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Spirit of the North

Ever-deadly-movie-review-tanya-tagaq
Courtesy of TIFF

MOVIE REVIEW
Ever Deadly (2022)

Tanya Tagaq is a well-known name in Canada, and this documentary about her life and work, which had its world premiere at the Toronto International Film Festival and which she codirected with Chelsea McMullan, takes that a little too much for granted. Ms. Tagaq is a poet – excerpts from her book “Split Tooth” are read in voiceover over anatomically correct animated drawings by Inuk artist Shuvinai Ashoona. However she is mainly known as a singer – a throat singer, to be precise. The movie begins with a display of traditional Inuit throat singing, which is always a duet, in which Ms. Tagaq and Laakkuluk Williams Bathory appear to be passing the same breath back and forth as they vocalize. But the core of the film in a concert performance of Ms. Tagaq’s contemporary throat singing, in which she is backed by a three-piece band as she takes over a concert hall by appearing to harmonize with herself.

Some years ago I was lucky enough to attend a concert of Ms. Tagaq’s in London, where she sang over a screening of “Nanook of the North,” the problematic classic documentary from 1922 about a Inuk hunter and his everyday life. It was like witnessing a sea witch crawling out of the water and getting used to the disappointment of being on land. The noises she made hardly felt human, and took a little getting used to, but by the end the audience was poleaxed with emotion, stunned into disbelief at such a raw, primal experience. The applause was thunderous – the movie barely remembered in the background – and the evenings was truly that overused word, unforgettable.

Interspersed with “Ever Deadly’s” concert – which is filmed in such tight close-up by Alejandro Coronado you hardly get to see the space it’s performed in – are some casual sequences of Ms. Tagaq playing with her kids or chatting with her mother at their remote Nunavut home. Painful stories are told; as a child her mother was part of the forcible resettlement of Inuit to Resolute Bay in the 1950s. Ms. Tagaq’s grandmother gave birth on the transport ship taking them there, which spent a month frozen in ice on the way, only to discover the amenities promised by the Canadian government, like buildings, did not exist. They were forced, with an infant, to pass the winter in a tent, all so the government could claim sovereignty over the surrounding islands and waters (the Canadian government apologized and paid compensation in 2008). Later there were residential schools where their native languages were beaten out of them, and modern miseries including vegans on Twitter who don’t understand seals are one of the only food sources in this sparse place. Ms. Tagaq is proud of her home, and happy to discuss how it feels to live in a part of the world that isn’t safe – if you get hurt you have to be airlifted to a hospital, so better to not get injured in the first place – and how that need to protect and be cautious informs every aspect of their lives. And we learn a great deal about the music – the concert is interwoven throughout the film so its sound envelops the story; and Alexander Unger’s sound design is more than up to the task.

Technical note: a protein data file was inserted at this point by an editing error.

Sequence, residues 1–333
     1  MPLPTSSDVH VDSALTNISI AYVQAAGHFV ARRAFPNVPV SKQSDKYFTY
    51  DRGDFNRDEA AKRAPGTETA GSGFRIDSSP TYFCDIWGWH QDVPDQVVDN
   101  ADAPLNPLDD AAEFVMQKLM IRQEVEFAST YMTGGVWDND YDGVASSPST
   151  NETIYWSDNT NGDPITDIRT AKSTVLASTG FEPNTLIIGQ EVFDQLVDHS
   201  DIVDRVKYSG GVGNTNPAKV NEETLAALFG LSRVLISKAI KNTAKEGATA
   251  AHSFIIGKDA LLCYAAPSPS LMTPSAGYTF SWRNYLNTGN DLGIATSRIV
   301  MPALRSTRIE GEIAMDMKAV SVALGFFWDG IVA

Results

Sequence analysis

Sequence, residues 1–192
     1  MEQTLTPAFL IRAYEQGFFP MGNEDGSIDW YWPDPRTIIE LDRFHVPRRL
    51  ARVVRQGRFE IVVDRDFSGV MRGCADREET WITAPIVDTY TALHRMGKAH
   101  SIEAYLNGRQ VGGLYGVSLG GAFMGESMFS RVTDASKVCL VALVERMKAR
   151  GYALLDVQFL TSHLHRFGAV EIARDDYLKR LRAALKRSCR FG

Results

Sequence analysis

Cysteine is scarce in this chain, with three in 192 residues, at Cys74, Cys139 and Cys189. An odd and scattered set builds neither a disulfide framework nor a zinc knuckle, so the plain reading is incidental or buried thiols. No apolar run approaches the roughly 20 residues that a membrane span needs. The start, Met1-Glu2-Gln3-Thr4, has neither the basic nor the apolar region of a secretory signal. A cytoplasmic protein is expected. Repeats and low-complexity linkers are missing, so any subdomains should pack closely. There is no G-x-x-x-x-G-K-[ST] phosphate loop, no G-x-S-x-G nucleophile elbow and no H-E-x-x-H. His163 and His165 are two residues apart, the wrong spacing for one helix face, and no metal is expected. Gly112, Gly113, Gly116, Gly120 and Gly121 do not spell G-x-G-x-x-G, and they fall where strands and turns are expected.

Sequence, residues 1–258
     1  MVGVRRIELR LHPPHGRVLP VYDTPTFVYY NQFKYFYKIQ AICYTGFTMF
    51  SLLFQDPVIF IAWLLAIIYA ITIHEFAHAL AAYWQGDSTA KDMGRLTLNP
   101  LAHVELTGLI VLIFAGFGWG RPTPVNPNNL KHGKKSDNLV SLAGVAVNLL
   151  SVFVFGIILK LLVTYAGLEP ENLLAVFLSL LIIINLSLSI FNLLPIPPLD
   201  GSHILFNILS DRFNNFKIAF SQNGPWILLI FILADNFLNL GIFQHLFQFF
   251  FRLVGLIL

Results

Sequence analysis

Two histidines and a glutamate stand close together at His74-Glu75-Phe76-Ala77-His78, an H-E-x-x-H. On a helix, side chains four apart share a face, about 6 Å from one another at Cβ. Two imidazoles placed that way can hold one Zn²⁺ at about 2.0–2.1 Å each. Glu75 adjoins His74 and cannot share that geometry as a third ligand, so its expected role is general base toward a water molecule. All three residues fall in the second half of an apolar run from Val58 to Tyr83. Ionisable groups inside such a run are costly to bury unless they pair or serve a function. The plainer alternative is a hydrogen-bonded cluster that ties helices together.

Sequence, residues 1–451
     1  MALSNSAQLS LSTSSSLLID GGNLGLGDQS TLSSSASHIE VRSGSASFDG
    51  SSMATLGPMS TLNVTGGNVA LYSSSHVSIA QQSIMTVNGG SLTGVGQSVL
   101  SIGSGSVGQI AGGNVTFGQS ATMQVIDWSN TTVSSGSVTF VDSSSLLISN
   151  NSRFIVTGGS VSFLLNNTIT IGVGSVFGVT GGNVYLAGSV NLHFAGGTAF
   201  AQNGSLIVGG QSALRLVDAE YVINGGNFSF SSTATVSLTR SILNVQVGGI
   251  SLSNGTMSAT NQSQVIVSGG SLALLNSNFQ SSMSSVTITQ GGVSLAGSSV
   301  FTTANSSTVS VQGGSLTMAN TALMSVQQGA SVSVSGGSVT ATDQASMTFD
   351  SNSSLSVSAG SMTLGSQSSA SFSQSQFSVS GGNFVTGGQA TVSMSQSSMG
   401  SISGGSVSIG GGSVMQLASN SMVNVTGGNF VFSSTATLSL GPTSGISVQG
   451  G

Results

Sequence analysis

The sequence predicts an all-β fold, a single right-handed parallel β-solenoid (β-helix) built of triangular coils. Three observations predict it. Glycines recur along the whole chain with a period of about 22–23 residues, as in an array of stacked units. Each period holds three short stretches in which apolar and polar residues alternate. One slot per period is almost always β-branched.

But as with the live performance of hers I saw, the documentary is barely remembered in the background. If it was the hook needed to hang a concert film upon, that’s perfectly all right; how Ms. Tagaq owns a stage with her astonishing voice is something worth savoring. But the weakness of the rest of the film hardly matters when Ms. Tagaq opens her golden throat and makes those other-worldly noises. This is a glimpse of her life and work, nothing more. But it’s so tantalizing you won’t want to look away.

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